After reading this article, you will have a chance to share your own, personal story about COPD exacerbation. Share your story.
If you have COPD, you may be wondering about COPD exacerbation -- and that's a good thing. Because of the seriousness of an exacerbation, it's important for you to know how they develop, what you can do about them and most importantly, how to prevent them.
COPD Exacerbation: Defined
In simple terms, an exacerbation is defined as a worsening of COPD symptoms. The Global Initiative for Obstructive Lung Disease (GOLD) defines it as "an event in the natural course of the disease characterized by a change in the patient's baseline dyspnea, cough, and/or sputum, that is beyond normal day-to-day variations, is acute in onset and may warrant a change in medication in a patient with underlying COPD".
Causes of COPD Exacerbation: Infection, Air Pollution
The top two causes of COPD exacerbation are bacterial or viral lung infections and air pollution. In one-third of all exacerbation cases however, the cause cannot be identified.
Studies have found that smoking, lack of a pulmonary rehabilitation program, improper use of an inhaler and poor adherence to a drug therapy program are all associated with more frequent episodes of COPD exacerbation. Therefore, it is important that if you've been prescribed treatment for your disease, that you stick to the program and follow your doctor’s orders.
Signs and Symptoms of a COPD Exacerbation
The main symptom of an acute exacerbation of COPD is increased breathlessness which is often accompanied by the following:
- Increased cough and sputum production
- Change in the color and/or thickness of the sputum
- Chest tightness
Treatment of COPD Exacerbation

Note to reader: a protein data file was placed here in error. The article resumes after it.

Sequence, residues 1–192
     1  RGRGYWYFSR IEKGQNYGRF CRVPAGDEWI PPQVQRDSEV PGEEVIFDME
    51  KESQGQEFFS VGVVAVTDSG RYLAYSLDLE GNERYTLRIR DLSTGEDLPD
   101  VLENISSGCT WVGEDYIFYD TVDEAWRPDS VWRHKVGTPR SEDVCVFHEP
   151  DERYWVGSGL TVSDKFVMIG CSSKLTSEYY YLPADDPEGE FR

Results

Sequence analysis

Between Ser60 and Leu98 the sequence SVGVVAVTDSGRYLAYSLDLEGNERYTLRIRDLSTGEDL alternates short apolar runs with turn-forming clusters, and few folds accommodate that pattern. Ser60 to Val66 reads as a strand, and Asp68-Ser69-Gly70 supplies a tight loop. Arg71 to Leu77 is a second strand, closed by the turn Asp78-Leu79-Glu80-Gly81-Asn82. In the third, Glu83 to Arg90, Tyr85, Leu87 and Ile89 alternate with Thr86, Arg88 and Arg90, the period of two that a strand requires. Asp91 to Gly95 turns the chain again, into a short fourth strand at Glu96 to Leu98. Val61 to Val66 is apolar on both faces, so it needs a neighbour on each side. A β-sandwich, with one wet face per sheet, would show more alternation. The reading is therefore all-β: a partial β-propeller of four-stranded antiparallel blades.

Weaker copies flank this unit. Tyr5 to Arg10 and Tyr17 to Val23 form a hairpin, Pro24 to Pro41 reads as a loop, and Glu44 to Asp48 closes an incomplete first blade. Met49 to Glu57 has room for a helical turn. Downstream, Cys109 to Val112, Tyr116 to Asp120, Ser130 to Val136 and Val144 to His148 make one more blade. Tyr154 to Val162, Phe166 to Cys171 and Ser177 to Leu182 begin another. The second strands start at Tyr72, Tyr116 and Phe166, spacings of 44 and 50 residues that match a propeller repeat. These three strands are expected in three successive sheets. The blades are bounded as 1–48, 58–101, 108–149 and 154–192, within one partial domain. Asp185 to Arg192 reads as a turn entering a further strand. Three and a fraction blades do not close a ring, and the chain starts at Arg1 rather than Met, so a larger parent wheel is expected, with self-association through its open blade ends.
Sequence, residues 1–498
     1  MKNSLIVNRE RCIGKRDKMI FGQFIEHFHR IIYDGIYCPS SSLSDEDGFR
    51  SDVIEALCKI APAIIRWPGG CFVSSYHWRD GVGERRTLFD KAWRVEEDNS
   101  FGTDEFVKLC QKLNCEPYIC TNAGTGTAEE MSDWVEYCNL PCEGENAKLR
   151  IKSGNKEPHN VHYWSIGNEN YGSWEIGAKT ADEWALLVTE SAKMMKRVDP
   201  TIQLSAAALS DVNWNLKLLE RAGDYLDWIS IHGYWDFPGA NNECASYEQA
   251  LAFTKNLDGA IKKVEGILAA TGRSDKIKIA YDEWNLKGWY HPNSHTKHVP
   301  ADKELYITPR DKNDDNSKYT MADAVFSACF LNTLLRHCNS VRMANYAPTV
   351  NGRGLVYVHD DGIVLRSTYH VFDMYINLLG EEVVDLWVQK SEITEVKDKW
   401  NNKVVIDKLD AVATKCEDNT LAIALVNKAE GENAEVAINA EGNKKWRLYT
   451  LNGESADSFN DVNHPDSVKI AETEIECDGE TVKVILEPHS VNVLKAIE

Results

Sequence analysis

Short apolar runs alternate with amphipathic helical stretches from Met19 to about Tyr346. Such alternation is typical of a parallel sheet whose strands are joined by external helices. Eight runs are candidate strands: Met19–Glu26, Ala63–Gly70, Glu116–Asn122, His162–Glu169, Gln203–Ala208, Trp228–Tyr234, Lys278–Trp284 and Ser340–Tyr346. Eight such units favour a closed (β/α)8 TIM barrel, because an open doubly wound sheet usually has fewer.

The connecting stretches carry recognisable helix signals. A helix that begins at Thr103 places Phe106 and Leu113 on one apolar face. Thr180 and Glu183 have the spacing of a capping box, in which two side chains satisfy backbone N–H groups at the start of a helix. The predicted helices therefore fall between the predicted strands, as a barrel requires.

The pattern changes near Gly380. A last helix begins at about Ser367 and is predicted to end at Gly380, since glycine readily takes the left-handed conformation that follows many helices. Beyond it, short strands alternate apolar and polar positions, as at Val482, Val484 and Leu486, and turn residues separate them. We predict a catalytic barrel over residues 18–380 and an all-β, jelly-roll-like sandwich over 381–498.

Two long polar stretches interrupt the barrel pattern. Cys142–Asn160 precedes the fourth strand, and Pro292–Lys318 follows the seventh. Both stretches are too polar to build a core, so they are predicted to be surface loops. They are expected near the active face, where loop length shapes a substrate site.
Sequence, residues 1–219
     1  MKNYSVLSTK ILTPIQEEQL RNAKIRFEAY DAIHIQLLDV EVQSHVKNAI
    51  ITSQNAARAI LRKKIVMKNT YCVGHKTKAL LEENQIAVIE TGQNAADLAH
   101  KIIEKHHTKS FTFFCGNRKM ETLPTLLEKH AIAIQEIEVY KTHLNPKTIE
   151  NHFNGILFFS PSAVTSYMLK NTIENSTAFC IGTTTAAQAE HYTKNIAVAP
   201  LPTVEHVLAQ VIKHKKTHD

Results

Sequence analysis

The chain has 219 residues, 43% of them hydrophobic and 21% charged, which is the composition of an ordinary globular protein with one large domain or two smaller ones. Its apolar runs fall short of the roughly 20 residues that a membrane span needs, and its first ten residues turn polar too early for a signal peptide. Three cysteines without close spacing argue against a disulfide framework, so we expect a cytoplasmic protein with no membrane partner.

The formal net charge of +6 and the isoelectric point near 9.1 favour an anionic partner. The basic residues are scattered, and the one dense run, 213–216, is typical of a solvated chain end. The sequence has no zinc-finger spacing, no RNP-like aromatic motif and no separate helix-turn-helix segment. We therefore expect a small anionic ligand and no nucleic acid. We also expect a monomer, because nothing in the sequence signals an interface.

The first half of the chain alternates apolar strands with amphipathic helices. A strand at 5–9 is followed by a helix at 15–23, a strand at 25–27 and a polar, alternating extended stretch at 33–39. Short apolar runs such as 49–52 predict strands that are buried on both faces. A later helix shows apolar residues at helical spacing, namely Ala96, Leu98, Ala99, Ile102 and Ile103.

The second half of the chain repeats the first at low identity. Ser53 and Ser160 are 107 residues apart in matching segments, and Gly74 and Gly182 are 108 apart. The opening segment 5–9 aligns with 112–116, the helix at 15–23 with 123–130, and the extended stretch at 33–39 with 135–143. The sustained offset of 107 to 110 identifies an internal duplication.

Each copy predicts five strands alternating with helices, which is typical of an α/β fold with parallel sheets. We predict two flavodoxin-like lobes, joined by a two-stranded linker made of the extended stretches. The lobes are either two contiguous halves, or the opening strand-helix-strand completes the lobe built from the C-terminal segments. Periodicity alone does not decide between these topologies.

Often, either hospitalization or a home-care nurse are necessary for managing an exacerbation. According to GOLD, nurse-administered home care can be a practical yet effective alternative to hospital care in certain patients with COPD exacerbation. The exact criteria used to determine who would benefit most from this approach, however, is uncertain and varies according to health care setting.
If your COPD exacerbation cannot be managed safely at home, you will be admitted to the hospital. Once there, your treatment, as determined by your health care provider, may include the following:
- Oxygen therapy
- Glucocorticosteroids (oral, IV and/or inhaled medications that treat inflammation)
- Antibiotics (if an underlying bacterial infection exists)
- Respiratory stimulants
- Ventilatory support - non-invasive (by mask) or invasive (by means of a tube inserted into your lungs through your mouth)
Preventative strategies that may help you prevent an acute COPD exacerbation include:
- Pneumonia and annual flu vaccine (a flu shot can decrease serious illness and death by as much as 50% for patients with COPD).
- Balanced diet, sufficient amount of exercise/activity and adequate sleep
- Avoiding exposure to environmental irritants such as air pollution (pay attention to air quality alerts), extreme temperatures and cigarette smoke (including secondhand smoke).
- Avoid crowds, especially during cold and flu season
COPD exacerbations are debilitating. The toll they take on your body can lead to severe illness, disability and death. Paying close attention to your body, taking better care of yourself and taking steps toward prevention will ultimately help you avoid being hospitalized for COPD exacerbation while preserving your existing lung function.
For further information about COPD exacerbation, be sure to talk with your primary care provider.
Global Strategy for the Diagnosis, Management and Prevention of COPD, Global Initiative for Chronic Obstructive Lung Disease (GOLD) 2006. Available from: http://www.goldcopd.org.
Gorski, Lisa MS, RN, CS, CRNI; “COPD Exacerbation: Prevention and Home Management Protocol”. Oasis Answers Inc.